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Logging from Workers

You can access logs and exceptions for your Workers using the dashboard or wrangler tail.

The Workers platform captures all console.log’s and uncaught exceptions, in addition to information about the event itself. All of this can be viewed with either wrangler tail or on the dashboard through your Account Home > Workers > your Workers script > Logs.

​​ Adding custom logs

Any console.log statements within your Worker will appear within wrangler tail and the dashboard output. The following example demonstrates a custom console.log within a Worker request handler.

addEventListener("fetch", (event) => {
* Respond with hello worker text
* @param {Request} request
async function handleRequest(request) {
const { cf } = request;
const { city, country } = cf;
console.log(`Request came from city: ${city} in country: ${country}`);
return new Response("Hello worker!", {
headers: { "content-type": "text/plain" },

After you deploy the above code, run wrangler tail in your terminal, and then access your Worker. Your terminal will display:

☁ logging-example [master] ⚡ wrangler tail --format=pretty
[2021-08-18 17:06:55] [LAX] [Ok] GET
| [Info] Request came from city: Pacifica in country: US
[2021-08-18 17:06:56] [LAX] [Ok] GET
| [Info] Request came from city: Pacifica in country: US

​​ View logs using wrangler tail

With your Workers application deployed, you may want to inspect incoming traffic. This may be useful in situations where a user is running into production issues that they cannot easily reproduce. In these instances, wrangler tail allows developers to livestream their Workers application’s logs, giving real-time insight into their application’s incoming requests.

To get started, run wrangler tail in your Workers project directory. This will log any incoming requests to your application available in your local terminal.

The output of each wrangler tail log is a structured JSON object:

"outcome": "ok",
"scriptName": null,
"exceptions": [],
"logs": [],
"eventTimestamp": 1590680082349,
"event": {
"request": {
"url": "",
"method": "GET",
"headers": {},
"cf": {}

By piping the output to tools like jq, you can query and manipulate the requests to look for specific information:

$ wrangler tail | jq .event.request.url

You can customize how wrangler tail works to fit your needs: refer to the wrangler tail documentation for available configuration options.

​​ View logs from the dashboard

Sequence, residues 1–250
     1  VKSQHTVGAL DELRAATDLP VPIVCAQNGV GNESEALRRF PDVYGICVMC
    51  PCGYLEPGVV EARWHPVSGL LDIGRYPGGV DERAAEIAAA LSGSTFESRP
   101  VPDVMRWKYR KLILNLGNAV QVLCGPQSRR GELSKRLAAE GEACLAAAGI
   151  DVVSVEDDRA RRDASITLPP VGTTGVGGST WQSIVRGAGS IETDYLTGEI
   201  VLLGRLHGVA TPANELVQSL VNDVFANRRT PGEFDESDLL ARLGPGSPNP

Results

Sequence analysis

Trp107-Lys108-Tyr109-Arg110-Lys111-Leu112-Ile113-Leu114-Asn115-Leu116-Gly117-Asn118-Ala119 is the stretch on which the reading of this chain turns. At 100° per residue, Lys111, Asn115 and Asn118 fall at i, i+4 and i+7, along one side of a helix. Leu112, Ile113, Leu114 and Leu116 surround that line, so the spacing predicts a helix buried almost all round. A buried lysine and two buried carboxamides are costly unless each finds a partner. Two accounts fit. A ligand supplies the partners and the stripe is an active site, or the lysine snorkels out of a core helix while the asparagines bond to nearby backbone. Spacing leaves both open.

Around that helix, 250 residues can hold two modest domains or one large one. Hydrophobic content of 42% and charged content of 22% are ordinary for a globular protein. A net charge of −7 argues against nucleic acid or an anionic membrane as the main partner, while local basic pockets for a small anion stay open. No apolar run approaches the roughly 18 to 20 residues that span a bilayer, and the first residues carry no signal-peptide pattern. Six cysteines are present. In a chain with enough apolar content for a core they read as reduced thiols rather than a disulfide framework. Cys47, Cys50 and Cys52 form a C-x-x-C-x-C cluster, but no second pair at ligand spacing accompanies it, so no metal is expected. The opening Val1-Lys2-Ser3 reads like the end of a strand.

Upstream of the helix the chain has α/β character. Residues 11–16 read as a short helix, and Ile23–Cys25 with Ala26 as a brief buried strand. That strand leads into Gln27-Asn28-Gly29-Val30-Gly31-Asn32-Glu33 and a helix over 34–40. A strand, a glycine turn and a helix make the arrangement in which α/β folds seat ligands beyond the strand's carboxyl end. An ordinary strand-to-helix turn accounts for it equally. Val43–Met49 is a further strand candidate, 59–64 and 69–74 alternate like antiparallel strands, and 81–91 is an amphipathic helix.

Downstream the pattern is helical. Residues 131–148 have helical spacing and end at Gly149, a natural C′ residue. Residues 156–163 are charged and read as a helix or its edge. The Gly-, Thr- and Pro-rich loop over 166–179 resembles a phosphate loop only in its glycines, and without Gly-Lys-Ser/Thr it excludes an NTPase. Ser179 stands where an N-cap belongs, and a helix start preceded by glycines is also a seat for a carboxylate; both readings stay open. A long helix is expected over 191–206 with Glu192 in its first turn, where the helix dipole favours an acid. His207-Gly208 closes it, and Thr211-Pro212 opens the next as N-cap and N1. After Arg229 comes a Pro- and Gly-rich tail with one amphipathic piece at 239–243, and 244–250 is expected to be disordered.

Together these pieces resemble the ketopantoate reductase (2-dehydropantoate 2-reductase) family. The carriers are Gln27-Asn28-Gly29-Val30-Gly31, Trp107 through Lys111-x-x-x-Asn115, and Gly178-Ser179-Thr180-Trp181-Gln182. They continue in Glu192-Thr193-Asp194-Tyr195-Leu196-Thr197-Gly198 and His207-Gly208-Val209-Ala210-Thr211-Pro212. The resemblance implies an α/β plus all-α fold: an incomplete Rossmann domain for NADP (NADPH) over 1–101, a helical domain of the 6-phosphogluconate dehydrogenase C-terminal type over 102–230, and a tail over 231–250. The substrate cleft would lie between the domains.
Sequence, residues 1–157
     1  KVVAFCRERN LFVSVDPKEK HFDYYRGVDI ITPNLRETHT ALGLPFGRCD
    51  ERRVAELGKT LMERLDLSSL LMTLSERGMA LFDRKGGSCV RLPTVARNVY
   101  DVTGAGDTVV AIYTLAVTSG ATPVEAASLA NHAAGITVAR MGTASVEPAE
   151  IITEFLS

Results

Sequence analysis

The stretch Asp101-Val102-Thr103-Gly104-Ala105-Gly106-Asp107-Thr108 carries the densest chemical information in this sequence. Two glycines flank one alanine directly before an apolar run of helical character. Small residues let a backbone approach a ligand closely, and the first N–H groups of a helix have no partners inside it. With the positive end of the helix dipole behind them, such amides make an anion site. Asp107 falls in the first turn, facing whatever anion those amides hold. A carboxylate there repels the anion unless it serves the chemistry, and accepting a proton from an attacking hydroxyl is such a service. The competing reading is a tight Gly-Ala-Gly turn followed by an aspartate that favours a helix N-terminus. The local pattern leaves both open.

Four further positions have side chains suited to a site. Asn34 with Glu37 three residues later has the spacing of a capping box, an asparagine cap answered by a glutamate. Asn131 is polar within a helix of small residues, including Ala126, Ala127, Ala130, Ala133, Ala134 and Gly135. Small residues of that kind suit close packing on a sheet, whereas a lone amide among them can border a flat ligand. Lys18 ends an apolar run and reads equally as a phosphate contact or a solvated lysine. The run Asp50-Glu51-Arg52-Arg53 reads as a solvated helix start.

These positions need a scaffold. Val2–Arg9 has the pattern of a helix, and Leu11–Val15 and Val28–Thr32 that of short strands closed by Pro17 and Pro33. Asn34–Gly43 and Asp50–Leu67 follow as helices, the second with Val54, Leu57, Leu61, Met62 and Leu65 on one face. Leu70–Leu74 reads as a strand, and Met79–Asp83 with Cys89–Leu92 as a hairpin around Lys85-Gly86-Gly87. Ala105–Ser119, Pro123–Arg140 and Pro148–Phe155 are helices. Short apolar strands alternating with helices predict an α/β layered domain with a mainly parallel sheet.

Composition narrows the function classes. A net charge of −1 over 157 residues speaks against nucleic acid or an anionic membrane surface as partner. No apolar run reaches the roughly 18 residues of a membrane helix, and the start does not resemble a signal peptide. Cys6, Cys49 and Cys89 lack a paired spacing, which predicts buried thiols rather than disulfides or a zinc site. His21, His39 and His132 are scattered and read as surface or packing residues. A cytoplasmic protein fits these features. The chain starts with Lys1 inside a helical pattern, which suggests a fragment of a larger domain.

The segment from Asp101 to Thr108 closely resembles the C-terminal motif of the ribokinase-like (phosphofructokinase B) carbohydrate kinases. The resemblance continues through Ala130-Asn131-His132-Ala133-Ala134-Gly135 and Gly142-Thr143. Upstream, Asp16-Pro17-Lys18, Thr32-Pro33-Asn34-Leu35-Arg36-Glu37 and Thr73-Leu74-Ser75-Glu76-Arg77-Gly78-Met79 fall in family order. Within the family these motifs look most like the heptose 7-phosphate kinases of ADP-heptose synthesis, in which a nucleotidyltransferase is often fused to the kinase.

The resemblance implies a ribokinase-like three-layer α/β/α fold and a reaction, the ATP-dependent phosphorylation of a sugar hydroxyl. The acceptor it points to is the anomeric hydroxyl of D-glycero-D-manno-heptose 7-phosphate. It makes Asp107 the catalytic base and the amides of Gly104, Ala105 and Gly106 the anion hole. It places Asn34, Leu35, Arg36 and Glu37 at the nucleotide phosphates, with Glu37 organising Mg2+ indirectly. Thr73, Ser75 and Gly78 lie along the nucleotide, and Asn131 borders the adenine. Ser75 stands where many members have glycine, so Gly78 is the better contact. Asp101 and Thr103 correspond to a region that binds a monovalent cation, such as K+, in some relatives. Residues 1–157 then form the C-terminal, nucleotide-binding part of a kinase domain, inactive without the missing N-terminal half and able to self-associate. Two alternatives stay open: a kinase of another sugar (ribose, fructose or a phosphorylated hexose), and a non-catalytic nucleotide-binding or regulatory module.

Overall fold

You can review the production logs associated with any Worker by logging in to the Cloudflare dashboard. From your Account Home > go to Workers > select your Worker > and select Logs. Logging is available for all customers, including those on the free plan.

Cloudflare dashboard showing logs for a Worker named logging-example

Note that:

  • Workers logs are not stored. You can start and stop the stream at any time to view them, but they do not persist.
  • Logs will not display if the Worker’s requests per second are over 200 for the last 5 minutes.
  • Logs from any Durable Objects your Worker is using will show up in the dashboard.
  • A maximum of 10 clients can view a Worker’s logs at one time. This can be a combination of either dashboard sessions or wrangler tail calls.

​​ Identifying and handling errors and exceptions

​​ Error pages generated by Workers

When a Worker running in production has an error that prevents it from returning a response, the client will receive an error page with an error code, defined as follows:

Error codeMeaning
1101Worker threw a JavaScript exception.
1102Worker exceeded CPU time limit.
1015Your client IP is being rate limited.
1027Worker exceeded free tier daily request limit.
1042Worker tried to fetch from another Worker on the same zone, which is unsupported.

Other 11xx errors generally indicate a problem with the Workers runtime itself. Refer to the status page if you are experiencing an error.

​​ Identifying errors: Workers Metrics

You can find out whether your application is experiencing any downtime or returning any errors by navigating to Account Home > Workers > your Worker and reviewing your Worker’s summary in Resources.

​​ Debugging exceptions

After you have identified your Workers application is returning exceptions, use wrangler tail to inspect and fix the exceptions.

Exceptions will show up under the exceptions field in the JSON returned by wrangler tail. After you have identified the exception that is causing errors, redeploy your code with a fix, and continue tailing the logs to confirm that it is fixed.

​​ Set up a logging service

A Worker can make HTTP requests to any HTTP service on the public Internet. You can use a service like Sentry to collect error logs from your Worker, by making an HTTP request to the service to report the error. Refer to your service’s API documentation for details on what kind of request to make.

When using an external logging strategy, remember that outstanding asynchronous tasks are canceled as soon as a Worker finishes sending its main response body to the client. To ensure that a logging subrequest completes, pass the request promise to event.waitUntil(). For example:

addEventListener("fetch", (event) => {
async function handleEvent(event) {
// ...
// Without event.waitUntil(), the `postLog` function may or may not complete.
return fetch(event.request);
function postLog(data) {
return fetch("", {
method: "POST",
body: data,

​​ Go to origin on error

By using event.passThroughOnException, a Workers application will forward requests to your origin if an exception is thrown during the Worker’s execution. This allows you to add logging, tracking, or other features with Workers, without degrading your application’s functionality.

addEventListener("fetch", (event) => {
async function handleRequest(request) {
// An error here will return the origin response, as if the Worker wasn’t present.
// ...
return fetch(request);